Binary Data - possible topic for joint session
mjs at apple.com
Fri Nov 6 09:18:38 PST 2009
On Nov 6, 2009, at 8:26 AM, Brendan Eich wrote:
> On Nov 6, 2009, at 1:34 AM, Maciej Stachowiak wrote:
>> = Issues for the binary data API:
>> Name (potential bikeshed):
> This isn't just rank bikeshedding:
> 1. Data is so common a name that we can't confidently inject it into
> the global object without fear of breaking something. JSON, in spite
> of json2.js precedent, was implemented incompatibly and object-
> detected insufficiently, although this was corrected by the
> implementors (Facebook folks, much appreciated). Google codesearch
> 2. Data is annoyingly close to Date.
> 3. Data is technically plural, and usage sometimes treats it as
> plural (ok, this is almost bikeshedding, I admit). For a String
> analogue this is awkward.
You're right that there are some objective factors which may rule out
certain names, in addition to subjective taste concerns. I tried not
to think too hard about the name in making the original proposal,
since I figured there would be a range of opinion. Your stated reasons
against Data seem decent.
>> I like "Data" and similar names. Objective-C has NSData as a
>> distinct type for chunks of binary data - it's not treated as a
>> type of array. I think this makes sense. Often the fact that a
>> chunk of binary data can be treated as an octet sequence is
> It's not incidental unless you provide wider-than-byte element
> access and address byte order. Let's not, in the interest of serving
> API simplicity and common octet-sequence use-cases first and only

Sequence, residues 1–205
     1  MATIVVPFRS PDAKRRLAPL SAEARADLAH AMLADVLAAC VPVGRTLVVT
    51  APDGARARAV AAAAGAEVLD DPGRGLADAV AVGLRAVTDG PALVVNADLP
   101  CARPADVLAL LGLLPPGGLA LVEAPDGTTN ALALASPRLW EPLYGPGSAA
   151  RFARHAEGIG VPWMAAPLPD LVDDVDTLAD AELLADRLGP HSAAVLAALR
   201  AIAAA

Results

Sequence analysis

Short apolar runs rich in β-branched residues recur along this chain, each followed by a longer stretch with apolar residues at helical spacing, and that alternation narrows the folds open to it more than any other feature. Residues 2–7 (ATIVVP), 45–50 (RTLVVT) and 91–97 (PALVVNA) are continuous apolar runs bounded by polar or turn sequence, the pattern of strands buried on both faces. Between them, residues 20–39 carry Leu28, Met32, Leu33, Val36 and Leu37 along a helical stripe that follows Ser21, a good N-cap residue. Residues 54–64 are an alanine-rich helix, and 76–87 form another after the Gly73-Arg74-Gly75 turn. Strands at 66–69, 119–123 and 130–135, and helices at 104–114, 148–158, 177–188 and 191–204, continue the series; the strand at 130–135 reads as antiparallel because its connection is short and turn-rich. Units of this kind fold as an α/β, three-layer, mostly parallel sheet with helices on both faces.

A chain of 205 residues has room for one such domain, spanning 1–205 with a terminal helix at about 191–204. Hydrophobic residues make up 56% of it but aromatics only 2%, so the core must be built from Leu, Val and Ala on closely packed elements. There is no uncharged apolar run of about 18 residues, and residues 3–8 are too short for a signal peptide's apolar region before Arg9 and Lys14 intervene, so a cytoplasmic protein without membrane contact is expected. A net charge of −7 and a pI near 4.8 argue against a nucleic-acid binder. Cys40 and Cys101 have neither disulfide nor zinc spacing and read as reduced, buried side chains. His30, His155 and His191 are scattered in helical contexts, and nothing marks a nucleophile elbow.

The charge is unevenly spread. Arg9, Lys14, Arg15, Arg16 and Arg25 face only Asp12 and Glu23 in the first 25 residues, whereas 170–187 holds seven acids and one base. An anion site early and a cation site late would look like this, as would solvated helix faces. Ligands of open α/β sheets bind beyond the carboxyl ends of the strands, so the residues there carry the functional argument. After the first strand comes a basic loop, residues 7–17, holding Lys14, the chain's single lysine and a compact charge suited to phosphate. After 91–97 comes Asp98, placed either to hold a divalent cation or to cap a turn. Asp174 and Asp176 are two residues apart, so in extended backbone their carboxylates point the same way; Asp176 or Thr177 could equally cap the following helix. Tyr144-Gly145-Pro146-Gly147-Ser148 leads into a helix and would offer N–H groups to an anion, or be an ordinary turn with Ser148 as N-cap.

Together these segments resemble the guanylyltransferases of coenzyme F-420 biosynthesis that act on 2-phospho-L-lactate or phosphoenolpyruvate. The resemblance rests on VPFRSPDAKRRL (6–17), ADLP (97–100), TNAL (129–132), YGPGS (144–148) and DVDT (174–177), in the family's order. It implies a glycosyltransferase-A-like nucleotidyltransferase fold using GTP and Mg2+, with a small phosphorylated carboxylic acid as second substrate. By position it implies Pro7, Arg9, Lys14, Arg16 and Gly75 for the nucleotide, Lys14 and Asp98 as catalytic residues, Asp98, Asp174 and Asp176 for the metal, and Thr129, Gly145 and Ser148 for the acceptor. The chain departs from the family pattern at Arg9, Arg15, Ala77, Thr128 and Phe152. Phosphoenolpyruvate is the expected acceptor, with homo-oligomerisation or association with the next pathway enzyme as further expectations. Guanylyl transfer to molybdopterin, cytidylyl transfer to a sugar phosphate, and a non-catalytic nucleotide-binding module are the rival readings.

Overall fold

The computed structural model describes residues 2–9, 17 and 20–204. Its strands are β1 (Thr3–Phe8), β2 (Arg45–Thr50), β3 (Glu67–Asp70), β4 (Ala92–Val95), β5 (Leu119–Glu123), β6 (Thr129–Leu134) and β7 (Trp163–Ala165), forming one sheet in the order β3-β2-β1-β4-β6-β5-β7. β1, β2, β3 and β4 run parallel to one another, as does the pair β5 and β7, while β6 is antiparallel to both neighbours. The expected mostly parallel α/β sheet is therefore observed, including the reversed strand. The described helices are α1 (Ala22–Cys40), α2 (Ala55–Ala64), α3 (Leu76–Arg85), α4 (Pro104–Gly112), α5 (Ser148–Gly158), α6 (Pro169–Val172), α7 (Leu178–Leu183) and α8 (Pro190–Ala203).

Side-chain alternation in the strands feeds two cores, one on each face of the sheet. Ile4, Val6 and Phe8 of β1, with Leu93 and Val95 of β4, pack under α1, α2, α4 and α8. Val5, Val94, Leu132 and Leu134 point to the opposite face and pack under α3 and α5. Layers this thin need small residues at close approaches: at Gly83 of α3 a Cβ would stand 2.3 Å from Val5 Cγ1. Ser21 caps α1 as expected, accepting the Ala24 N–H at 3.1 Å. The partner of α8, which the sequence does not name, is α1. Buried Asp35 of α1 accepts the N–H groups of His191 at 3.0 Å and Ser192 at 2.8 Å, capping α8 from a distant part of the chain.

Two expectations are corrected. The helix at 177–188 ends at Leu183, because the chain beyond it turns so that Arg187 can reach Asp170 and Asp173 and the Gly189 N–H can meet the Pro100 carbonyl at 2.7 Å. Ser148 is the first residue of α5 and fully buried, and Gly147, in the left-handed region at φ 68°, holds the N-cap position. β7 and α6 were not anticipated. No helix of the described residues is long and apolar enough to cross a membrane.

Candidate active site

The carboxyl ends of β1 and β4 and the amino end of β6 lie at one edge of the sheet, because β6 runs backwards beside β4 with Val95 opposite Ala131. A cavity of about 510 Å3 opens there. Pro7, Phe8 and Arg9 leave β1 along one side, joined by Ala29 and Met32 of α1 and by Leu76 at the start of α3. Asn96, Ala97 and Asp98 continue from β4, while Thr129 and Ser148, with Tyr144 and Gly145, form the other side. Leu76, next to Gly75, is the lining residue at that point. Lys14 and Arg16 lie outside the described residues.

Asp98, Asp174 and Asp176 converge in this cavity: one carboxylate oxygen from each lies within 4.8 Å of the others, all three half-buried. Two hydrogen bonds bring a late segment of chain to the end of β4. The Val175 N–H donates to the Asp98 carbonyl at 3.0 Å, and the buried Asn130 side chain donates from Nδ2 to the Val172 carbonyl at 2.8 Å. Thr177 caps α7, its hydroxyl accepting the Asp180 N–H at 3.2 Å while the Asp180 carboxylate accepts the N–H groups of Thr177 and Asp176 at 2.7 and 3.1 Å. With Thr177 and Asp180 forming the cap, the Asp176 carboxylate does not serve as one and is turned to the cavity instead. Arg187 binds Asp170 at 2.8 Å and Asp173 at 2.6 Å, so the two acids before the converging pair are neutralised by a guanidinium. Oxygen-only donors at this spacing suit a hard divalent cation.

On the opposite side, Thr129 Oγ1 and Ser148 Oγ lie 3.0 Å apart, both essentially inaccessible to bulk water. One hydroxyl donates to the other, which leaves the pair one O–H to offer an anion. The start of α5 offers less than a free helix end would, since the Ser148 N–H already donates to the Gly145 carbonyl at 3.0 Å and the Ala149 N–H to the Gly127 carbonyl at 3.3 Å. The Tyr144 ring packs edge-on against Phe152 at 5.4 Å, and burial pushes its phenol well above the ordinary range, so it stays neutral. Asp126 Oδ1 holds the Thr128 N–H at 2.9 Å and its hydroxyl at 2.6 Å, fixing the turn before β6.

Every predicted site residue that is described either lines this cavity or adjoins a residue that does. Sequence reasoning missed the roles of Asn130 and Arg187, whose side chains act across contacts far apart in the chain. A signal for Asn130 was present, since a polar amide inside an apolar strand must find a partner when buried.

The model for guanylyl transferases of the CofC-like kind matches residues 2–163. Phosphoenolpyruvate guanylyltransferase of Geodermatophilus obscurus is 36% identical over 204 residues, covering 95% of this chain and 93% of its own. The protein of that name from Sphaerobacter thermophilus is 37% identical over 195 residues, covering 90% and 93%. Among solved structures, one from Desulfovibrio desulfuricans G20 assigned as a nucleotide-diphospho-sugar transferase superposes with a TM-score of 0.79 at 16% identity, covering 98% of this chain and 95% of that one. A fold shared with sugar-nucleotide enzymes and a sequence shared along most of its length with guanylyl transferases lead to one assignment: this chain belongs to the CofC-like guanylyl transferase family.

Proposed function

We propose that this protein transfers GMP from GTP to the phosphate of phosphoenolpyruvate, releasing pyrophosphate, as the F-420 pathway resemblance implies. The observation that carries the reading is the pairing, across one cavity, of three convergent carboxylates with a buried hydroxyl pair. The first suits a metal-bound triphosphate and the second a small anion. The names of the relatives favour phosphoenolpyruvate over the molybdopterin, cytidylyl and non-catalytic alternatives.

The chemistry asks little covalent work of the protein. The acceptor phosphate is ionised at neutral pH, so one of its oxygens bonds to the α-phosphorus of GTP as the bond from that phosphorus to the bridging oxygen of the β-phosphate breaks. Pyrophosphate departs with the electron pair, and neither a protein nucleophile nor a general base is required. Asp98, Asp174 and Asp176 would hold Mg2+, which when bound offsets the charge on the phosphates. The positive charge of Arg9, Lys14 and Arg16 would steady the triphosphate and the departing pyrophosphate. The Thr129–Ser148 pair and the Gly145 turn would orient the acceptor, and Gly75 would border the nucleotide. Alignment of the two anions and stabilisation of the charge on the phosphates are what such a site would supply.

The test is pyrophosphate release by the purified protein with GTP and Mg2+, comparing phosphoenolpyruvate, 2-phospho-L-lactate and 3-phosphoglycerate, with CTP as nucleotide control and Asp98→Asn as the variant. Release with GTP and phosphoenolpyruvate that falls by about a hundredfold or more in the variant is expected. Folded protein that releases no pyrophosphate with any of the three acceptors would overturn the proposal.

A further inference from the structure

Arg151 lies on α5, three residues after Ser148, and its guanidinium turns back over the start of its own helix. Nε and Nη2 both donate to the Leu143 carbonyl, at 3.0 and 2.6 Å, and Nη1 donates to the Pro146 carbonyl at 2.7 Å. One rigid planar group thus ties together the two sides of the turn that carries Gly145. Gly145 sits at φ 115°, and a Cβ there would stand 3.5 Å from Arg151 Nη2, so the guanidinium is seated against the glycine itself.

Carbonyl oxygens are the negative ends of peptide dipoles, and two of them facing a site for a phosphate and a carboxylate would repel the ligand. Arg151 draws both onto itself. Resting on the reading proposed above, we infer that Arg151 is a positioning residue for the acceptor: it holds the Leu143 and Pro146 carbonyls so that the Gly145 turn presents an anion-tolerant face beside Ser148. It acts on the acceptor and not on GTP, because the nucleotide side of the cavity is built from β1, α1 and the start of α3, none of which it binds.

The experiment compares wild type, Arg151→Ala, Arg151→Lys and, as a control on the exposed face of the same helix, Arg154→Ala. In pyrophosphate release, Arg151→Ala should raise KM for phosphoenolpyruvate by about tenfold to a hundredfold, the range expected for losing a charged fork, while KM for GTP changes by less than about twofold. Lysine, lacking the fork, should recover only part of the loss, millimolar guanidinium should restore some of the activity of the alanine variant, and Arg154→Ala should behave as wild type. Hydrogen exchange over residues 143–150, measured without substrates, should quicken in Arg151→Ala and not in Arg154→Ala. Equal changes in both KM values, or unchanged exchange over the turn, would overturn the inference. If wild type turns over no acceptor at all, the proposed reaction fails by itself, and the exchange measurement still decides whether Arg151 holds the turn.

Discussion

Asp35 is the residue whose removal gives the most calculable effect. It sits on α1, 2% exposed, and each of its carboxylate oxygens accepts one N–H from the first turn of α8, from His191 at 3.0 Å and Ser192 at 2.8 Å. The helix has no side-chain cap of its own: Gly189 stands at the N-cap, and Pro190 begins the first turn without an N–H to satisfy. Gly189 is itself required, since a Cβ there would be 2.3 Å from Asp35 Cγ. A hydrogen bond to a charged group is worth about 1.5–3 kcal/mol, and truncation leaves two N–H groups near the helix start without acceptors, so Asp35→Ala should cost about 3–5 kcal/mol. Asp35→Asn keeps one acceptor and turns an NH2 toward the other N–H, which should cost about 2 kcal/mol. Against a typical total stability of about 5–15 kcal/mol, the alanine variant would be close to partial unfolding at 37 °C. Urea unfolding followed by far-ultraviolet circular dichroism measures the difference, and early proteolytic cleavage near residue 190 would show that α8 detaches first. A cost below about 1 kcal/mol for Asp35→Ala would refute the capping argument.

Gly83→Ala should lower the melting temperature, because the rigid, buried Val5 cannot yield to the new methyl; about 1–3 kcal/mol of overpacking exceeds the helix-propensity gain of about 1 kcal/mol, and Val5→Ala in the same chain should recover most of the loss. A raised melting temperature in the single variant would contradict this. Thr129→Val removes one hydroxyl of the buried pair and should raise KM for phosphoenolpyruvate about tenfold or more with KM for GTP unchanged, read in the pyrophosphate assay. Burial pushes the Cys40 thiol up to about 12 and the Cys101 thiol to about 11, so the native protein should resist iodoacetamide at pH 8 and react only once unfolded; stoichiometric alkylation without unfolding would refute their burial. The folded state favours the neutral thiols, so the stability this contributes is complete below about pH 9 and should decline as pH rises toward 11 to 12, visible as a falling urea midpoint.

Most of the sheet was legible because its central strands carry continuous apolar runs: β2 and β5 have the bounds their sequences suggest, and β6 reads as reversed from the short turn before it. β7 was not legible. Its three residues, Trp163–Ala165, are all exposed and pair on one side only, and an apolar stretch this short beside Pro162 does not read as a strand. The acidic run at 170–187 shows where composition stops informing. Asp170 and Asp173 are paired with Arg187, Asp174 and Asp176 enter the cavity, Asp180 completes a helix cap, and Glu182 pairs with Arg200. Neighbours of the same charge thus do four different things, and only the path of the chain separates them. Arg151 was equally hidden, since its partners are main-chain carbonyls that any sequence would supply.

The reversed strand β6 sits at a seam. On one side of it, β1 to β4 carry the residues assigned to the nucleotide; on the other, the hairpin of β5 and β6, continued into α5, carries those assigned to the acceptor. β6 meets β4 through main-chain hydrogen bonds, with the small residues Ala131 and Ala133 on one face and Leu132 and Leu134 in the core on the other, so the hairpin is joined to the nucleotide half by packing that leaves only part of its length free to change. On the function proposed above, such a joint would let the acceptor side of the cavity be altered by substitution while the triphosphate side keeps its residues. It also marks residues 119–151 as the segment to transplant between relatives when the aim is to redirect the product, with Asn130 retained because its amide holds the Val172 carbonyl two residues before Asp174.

> (if we can hold this line).
Indeed, I'd rather not propose APIs like that in the initial version
(though I think eventually we may want a way to copy sequences of 16-,
32-bit or 64-bit values swapping from network byte order to host byte
order or vice versa to make it practical to interpret popular binary
However, I think a common use case for binary data is to pass it
around for point A to point B, without unpacking the internals at all,
just as for strings. For example, you may read a file in binary form,
pass the binary data off to a Worker, and then have the Worker upload
it to a server. This is part of why I leaned towards a name that does
not overly emphasize the byte sequence nature.
> Therefore I think a concrete name such as ByteVector or ByteArray is
> better, all else equal.
> Moreover a name such as ByteVector is much easier to inject as a
> global property. No hits for the obvious function and var forms of
> it, one hit for ByteArray:
Some other possible names (based in part on some other binary data
proposals that I've seen):
Good topic for in-person discussion maybe?
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